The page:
Sgt. Pepper’s Lonely Hearts Club Band

After readings Alfy’s comment this morning about the ‘School of Athens’ featured artwork, it got me thinking about modern pictures that show groups of influential people. The first that came to mind was the Solvay Conference photograph of physicists and chemists that has now become somewhat iconic. Then there are a number of famous paintings from the Founding Fathers, the opening of parliament through to the ‘Discussing the Divine Comedy with Dante‘. Which then lead me to remember the Beatles album ‘Sgt. Peppers’ which I detail here. Can you think of any others? – Deskarati


Sgt. Pepper’s Lonely Hearts Club Band (often shortened to Sgt. Pepper) is the eighth studio album by English rock band the Beatles. Released in June 1967, the album, which included songs such as “With a Little Help from My Friends”, “Lucy in the Sky with Diamonds”, and “A Day in the Life”, now has over 30 million albums sold. Continuing the artistic maturation seen on the band’s album Revolver (1966), Sgt. Pepper further departed from the conventional pop rock idiom of the time and incorporated balladry, psychedelic, music hall, and symphonic influences.

The Grammy Award-winning album packaging was art-directed by Robert Fraser, designed by Peter Blake and Jann Haworth, his wife and artistic partner, and photographed by Michael Cooper. It featured a colourful collage of life-sized cardboard models of famous people on the front of the album cover and the lyrics printed in full on the back cover, the first time this had been done on a rock LP. In the guise of the Sgt. Pepper band, the Beatles were dressed in custom-made military-style outfits made of satin dyed in day-glo colours. The suits were conceived by the Beatles and manufactured by the theatrical costumer M. Berman Ltd. in London, with some parts designed by Manuel Cuevas. Among the insignia on their uniforms are: MBE medals on McCartney’s and Harrison’s jackets, the Royal Coat of Arms of the United Kingdom on Lennon’s right sleeve and an Ontario Provincial Police flash on McCartney’s sleeve.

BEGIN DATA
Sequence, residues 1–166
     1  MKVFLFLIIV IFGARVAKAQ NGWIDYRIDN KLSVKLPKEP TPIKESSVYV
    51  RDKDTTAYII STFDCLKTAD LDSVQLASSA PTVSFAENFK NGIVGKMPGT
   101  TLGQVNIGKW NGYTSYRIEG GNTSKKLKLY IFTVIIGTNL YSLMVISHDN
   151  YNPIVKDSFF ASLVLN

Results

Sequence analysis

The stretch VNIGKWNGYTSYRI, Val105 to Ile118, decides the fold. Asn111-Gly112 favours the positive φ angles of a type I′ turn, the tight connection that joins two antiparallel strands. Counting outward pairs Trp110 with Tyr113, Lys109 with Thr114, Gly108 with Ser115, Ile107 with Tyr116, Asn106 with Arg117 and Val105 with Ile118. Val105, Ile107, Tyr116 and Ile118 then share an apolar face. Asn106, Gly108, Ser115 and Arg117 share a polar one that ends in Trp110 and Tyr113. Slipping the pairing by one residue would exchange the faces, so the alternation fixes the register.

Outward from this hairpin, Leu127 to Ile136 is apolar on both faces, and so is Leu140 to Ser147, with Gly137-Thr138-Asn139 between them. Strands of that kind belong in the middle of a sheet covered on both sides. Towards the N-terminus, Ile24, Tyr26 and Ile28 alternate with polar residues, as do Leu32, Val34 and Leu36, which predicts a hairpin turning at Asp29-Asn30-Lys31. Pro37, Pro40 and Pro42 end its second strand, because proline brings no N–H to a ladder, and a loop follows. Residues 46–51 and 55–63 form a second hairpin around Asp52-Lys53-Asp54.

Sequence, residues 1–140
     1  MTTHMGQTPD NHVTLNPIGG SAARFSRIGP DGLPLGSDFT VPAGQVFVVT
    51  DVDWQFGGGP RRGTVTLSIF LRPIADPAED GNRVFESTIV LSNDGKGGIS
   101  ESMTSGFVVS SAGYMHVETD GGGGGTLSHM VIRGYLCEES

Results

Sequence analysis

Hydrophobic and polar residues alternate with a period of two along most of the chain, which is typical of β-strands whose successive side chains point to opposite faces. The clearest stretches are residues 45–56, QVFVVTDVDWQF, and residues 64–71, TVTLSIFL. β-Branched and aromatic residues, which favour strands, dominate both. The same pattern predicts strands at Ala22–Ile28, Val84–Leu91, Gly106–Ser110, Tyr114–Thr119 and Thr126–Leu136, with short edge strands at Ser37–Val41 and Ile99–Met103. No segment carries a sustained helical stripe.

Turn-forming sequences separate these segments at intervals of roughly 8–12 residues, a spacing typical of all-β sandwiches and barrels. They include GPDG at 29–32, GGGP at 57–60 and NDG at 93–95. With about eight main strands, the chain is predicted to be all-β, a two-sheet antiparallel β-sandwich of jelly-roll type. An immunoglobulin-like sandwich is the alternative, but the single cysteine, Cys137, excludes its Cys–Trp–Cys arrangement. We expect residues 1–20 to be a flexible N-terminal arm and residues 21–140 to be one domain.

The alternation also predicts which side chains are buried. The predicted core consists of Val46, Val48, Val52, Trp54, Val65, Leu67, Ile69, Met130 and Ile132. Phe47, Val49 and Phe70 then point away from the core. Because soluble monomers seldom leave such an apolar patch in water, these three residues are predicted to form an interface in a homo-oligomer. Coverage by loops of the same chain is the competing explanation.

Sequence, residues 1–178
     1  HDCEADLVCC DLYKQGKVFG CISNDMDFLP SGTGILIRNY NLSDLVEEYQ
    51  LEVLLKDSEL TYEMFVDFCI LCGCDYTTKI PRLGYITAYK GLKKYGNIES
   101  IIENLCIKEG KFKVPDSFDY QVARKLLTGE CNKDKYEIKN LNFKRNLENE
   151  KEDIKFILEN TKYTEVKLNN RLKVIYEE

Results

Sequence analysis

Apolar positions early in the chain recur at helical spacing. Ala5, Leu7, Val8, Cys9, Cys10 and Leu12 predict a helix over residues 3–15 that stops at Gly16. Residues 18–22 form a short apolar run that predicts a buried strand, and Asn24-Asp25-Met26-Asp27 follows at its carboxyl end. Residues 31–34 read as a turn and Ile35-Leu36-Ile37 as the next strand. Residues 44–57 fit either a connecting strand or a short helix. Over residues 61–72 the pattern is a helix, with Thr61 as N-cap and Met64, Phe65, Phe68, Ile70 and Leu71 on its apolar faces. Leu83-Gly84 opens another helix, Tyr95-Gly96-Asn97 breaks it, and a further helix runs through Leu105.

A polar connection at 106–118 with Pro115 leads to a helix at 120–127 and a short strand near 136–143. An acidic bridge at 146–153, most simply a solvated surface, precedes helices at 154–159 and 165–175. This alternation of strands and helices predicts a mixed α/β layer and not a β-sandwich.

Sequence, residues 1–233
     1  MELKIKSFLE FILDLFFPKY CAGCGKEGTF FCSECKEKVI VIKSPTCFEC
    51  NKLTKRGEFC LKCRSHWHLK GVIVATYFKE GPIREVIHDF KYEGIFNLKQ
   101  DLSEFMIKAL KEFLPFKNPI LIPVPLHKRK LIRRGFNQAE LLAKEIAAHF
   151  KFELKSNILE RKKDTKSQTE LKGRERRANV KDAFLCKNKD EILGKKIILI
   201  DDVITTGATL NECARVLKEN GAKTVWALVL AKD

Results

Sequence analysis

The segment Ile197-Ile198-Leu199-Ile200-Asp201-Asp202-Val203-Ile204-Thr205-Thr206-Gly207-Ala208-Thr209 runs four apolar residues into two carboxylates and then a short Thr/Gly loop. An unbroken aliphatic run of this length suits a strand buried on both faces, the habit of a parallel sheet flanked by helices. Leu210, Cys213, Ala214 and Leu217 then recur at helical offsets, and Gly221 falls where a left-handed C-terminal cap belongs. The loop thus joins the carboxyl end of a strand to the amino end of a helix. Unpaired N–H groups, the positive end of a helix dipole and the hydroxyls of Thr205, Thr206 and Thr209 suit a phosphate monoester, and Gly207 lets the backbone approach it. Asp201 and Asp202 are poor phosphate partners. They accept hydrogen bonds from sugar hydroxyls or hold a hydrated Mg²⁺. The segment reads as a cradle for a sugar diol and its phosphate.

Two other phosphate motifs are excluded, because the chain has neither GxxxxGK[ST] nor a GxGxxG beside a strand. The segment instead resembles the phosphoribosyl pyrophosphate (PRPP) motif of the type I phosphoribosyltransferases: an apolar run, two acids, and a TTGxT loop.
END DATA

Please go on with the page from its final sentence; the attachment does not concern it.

The centre of the cover depicts the Beatles standing behind a drum skin, on which are painted the words of the album’s title. The skin was painted by fairground artist Joe Ephgrave. In front of the drum skin is a series of flowers that spell out “The Beatles”. A collage depicts around 60 famous people, including writers, musicians, film stars, and (at Harrison’s request) a number of Indian gurus. The final grouping included: Mahavatar Babaji, Issy Bonn, Marlon Brando, Lenny Bruce, Lewis Carroll, Aleister Crowley, Marlene Dietrich, Diana Dors, Bob Dylan, W.C. Fields, Sigmund Freud, Oliver Hardy, Aldous Huxley, Carl Gustav Jung, Stan Laurel, T. E. Lawrence, Karl Marx, Marilyn Monroe, Sir Robert Peel, Edgar Allan Poe, Karlheinz Stockhausen, H. G. Wells, Mae West, Oscar Wilde, Paramahansa Yogananda and Yukteswar Giri. Also included was the image of the original Beatles’ bassist, the late Stuart Sutcliffe. Pete Best said in a later NPR interview that Lennon borrowed family medals from his (Best’s) mother Mona for the shoot, on condition that he did not lose them. Adolf Hitler and Jesus Christ were requested by Lennon, but ultimately they were left out. A photo also exists of a rejected cardboard printout with a cloth draped over its head; its identity is unknown. The final cost for the cover art was nearly £3,000 (equivalent to £46,104 today) an extravagant sum for a time when album covers would typically cost around £50. Via Sgt. Pepper’s Lonely Hearts Club Band

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4 Responses to Sgt. Pepper’s Lonely Hearts Club Band

  1. Does anyone know which Beatle insisted on which personages to be included. I note your mention that Lennon wanted Jesus and Hitler but they were nixed. I want to know who insisted on putting Aleister Crowley on the album cover.

  2. Steve B says:

    I see that Gandhi appears in the article’s picture. If you look at the album cover you will see that he is nowhere to be seen. EMI asked for him to be removed, as they thought it would prevent the album selling in India.

    The Mothers of Invention parodied the cover for their album We’re Only in it for The Money They actually issued the album with the group picture on the inside to prevent being sued by EMI

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